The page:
The Dynamics of Security Challenges: A Gulf Perspective


Manama Dialogue 2009


Your Highnesses, Excellencies, and Distinguished Guests,
Peace be upon you and the mercy of Allah and His blessings.

Firstly, I am pleased to extend my deepest thanks and appreciation to the sisterly Kingdom of Bahrain for hosting and sponsoring the sixth Manama Dialogue, and I would like to express my sincere gratitude to Dr. John Chipman, Director-General of the International Institute for Strategic Studies, for honoring me with delivering the opening speech at the conference.

I would like to seize this opportunity to commend the fruitful and positive efforts made by the International Institute for Strategic Studies and all those involved in ensuring the success of this important event, which has become a destination for all those interested in the security and stability of the region, providing a space for freely discussing opinions and ideas that are guided only by ethical positions aimed at achieving the security and safety aspirations of our people.

Esteemed attendees,
* Speaking about dynamics means discussing various temporal dimensions of a moving concept.
* There is a current and immediate challenge that requires inevitable and immediate action.
* There are medium and long-term challenges that require calm and precise measures and precautions.
* Hence, the concept of Gulf security is formed within its three temporal dimensions: immediate, medium-term, and long-term, taking the form of security/political, economic, and demographic challenges.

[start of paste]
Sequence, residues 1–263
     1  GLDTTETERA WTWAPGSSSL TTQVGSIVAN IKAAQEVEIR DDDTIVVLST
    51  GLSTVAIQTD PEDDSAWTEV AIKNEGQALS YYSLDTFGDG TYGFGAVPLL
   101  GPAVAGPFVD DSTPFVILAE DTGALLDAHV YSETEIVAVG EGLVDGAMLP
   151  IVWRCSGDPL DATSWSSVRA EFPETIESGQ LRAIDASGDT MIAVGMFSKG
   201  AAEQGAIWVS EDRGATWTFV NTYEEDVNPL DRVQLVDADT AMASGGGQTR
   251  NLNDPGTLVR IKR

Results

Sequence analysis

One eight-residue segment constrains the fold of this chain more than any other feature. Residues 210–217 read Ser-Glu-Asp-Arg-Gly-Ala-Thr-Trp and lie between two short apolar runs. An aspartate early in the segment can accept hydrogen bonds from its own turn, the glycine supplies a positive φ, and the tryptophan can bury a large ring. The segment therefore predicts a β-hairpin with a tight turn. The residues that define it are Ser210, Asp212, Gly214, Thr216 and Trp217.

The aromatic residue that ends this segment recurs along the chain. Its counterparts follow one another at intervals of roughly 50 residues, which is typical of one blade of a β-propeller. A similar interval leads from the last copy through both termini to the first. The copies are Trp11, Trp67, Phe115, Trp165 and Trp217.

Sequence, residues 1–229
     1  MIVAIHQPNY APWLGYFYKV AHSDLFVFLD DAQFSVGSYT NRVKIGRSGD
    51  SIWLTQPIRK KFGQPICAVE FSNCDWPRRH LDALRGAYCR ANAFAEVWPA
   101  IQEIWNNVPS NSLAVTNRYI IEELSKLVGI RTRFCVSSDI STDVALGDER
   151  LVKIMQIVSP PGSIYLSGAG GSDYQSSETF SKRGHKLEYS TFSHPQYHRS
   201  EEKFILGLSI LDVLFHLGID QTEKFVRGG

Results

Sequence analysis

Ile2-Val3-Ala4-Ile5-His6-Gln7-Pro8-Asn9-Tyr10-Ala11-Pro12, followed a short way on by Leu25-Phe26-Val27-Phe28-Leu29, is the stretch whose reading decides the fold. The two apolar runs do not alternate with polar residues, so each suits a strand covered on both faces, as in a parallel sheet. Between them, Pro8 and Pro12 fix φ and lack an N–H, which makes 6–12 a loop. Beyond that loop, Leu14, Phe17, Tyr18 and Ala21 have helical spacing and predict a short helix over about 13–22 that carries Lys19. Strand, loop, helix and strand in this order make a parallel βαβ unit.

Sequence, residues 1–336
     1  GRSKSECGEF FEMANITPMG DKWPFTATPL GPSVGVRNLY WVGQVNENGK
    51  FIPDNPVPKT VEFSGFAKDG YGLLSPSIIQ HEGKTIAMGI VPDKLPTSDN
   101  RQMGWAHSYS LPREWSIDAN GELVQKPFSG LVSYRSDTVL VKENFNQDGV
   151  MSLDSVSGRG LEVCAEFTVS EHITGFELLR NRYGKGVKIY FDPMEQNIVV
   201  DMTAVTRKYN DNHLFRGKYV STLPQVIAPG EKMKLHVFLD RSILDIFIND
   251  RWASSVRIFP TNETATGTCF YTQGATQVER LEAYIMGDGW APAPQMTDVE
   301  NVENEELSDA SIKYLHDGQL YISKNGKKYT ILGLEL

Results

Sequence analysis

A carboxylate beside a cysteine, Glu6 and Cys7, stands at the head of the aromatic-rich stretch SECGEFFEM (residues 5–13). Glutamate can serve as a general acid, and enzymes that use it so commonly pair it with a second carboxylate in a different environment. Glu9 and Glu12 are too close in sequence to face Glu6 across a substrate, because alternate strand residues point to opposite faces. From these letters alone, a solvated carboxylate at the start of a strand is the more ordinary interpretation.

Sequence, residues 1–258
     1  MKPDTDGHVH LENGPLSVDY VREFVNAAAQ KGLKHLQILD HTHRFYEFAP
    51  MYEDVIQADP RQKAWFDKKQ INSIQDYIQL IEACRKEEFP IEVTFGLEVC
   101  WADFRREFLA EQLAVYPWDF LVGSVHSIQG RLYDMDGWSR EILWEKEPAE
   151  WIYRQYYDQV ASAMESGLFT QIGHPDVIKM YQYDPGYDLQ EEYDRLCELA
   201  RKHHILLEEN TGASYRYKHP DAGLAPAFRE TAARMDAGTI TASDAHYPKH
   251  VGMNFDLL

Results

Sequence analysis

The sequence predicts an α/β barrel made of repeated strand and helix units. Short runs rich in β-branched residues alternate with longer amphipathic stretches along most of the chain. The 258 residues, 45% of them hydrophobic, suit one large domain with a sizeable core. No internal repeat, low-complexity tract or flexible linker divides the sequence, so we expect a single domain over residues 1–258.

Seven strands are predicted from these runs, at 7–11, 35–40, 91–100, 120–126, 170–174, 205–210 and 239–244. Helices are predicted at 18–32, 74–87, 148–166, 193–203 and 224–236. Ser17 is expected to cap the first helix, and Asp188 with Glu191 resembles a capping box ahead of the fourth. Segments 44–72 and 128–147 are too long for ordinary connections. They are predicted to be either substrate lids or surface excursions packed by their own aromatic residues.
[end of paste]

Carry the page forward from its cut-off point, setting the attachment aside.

Firstly: Security and Political Challenges

If we closely examine the reality of the map of the region adjacent to this blessed island, undoubtedly, we will observe events that do not bring us joy and do not contribute to the stability of our region, starting from the war in Afghanistan and its neighboring areas in Pakistan, passing through Iran's confrontation with international legitimacy, and reaching the situation in Palestine, where the Palestinian people suffer from oppression and denial of their right to an independent state, down to the African Horn, wandering towards the crisis in Yemen and its threat to the security of the GCC states. In this regard, there is no way for us in the GCC countries except to unite efforts to contain these existing and looming risks to our national security. We have all adopted, in the GCC countries, and even before the establishment of the Council, a preventive and diplomatic diplomacy characterized by transparency and vitality that drives us to deal with tension spots in a manner inherited from time with its effectiveness and unique Gulf characteristics. This approach is characterized by the following:

(1) The integrity of intentions carried by Gulf diplomacy, which has no ambition for land or purposes that encroach upon the rights of others. Its reality is a shining transparency, and its goals are understanding, coexistence, good neighborliness, and establishing a strong relationship based on the principle of mutual interests exchange and achieving benefits for all. Gulf diplomacy is a system committed to the rules of good behavior and recognizing the rights of others. Its essence lies in solving issues through understanding and removing tensions through frank dialogue, and intensifying communication without boredom or despair.